Cop: Fake Evidence, Lying 'Part of the Game'

Florida deputy spills tactics to DC Post
By Neal Colgrass,  Newser Staff
Posted Feb 22, 2015 2:10 PM CST
Cop: Fake Evidence, Lying 'Part of the Game'

Sheriff's deputies in Palm Beach, Fla., don't lie and plant evidence because they're particularly corrupt or desperate to make an arrest—they do it as a way of life, according to a deputy who spoke anonymously. DC Post caught up with him after he posted a blog on a police tactics website saying he keeps a "small plastic dime baggie with Cocaine in residue" to plant on "mouthy drivers, street lawyers, [and] a--holes." The deputy, who has 15 years' experience, provided proof of his employment at the Palm Beach County Sheriff’s Office. Among his quotes:

  • "I work nights on the Road Patrol in a rough, um, mostly black neighborhood. Planting evidence and lying in your reports are just part of the game."
  • He blames the war on drugs for pressuring deputies to make arrests, but adds that most drug suspects are "going to be out of jail tomorrow anyway; nothing is going to happen to them."
  • When new deputies come on board, "they always had new creative ways to get things done. So I suppose yeah, it is common everywhere." In fact, his department is being sued for it now, the Sun-Sentinel reports, but the deputy says nothing will come of it because the Sheriff will settle out of court—and settlements "are all confidential."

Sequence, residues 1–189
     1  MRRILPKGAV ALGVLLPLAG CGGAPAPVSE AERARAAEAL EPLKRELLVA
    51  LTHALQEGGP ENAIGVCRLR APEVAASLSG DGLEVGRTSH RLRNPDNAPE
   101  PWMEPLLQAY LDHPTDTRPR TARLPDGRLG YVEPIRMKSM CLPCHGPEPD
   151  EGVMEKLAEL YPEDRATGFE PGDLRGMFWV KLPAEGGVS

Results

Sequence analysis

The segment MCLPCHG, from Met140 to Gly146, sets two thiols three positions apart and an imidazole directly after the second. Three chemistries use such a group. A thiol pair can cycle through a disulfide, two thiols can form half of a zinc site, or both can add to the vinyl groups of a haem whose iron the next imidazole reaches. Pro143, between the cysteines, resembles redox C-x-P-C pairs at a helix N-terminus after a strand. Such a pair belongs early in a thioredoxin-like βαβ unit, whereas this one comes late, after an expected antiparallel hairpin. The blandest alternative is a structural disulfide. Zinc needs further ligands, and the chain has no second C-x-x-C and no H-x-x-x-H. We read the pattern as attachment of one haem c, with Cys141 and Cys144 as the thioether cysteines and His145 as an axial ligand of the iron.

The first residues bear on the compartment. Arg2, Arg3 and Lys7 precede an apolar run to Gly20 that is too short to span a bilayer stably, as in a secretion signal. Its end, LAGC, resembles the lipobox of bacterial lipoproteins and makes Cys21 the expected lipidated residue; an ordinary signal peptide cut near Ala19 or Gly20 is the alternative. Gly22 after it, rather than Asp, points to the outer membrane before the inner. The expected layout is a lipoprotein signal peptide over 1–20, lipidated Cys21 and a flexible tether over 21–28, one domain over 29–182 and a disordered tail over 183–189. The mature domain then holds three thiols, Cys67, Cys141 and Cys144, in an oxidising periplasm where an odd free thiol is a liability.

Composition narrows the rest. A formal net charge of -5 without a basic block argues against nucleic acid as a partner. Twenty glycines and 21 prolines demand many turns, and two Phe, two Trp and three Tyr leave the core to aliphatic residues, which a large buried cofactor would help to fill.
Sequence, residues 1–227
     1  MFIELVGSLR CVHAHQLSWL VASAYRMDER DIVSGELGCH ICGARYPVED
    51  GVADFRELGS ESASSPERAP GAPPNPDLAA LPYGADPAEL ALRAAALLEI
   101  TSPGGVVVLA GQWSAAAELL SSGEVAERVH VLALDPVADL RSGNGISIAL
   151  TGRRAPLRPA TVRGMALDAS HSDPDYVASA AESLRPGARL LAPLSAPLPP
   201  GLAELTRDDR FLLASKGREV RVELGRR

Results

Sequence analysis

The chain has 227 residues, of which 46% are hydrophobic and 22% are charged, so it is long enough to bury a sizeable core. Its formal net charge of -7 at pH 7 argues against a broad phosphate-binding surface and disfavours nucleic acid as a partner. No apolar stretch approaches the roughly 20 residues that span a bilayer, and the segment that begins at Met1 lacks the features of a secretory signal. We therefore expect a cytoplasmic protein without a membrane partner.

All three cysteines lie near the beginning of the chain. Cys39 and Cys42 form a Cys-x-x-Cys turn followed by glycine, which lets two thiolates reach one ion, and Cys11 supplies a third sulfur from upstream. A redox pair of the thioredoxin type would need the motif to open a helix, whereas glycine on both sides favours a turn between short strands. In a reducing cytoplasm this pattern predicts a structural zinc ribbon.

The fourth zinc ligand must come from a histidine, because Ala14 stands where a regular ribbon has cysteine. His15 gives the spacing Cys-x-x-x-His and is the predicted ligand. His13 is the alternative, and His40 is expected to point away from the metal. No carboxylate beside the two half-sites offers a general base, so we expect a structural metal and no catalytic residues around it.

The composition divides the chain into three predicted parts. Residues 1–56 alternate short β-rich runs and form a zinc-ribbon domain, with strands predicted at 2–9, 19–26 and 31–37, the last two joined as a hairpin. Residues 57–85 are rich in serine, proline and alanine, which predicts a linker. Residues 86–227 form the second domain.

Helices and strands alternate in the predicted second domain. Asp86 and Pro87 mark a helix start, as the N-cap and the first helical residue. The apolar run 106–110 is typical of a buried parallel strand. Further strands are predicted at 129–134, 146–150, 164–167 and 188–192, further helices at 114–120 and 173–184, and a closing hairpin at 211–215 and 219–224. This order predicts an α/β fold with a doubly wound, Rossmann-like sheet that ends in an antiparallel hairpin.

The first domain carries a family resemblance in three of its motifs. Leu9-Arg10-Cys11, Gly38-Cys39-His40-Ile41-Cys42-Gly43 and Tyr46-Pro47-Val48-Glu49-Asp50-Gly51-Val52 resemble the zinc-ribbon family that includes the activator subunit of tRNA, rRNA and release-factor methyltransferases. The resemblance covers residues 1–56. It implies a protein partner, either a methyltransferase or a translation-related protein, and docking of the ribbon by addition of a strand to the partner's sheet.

• He doesn't admit to targeting "based on race," but says it's "much easier to do this on a black person because they have no credibility anyways. ... Then you still have the deputies who like doing it to the rich white guys because they say it removes the smug look from their faces."
  • "These people aren’t innocent. If we are dealing with someone, there is a reason for it. We don’t really interact with members of the law abiding public."
  • "Our top boss, Sheriff Ric Bradshaw, supports this behavior and has for his entire career."

And no deputies complain, he says, because they get great salaries, benefits, and "cars that we can use for our personal use any time we want." Click for the full interview. (Read more War on Drugs stories.)

We use cookies. By Clicking "OK" or any content on this site, you agree to allow cookies to be placed. Read more in our privacy policy.
Get the news faster.
Tap to install our app.
Install the Newser News app
in two easy steps:
1. Tap in your navigation bar.
2. Tap to Add to Home Screen.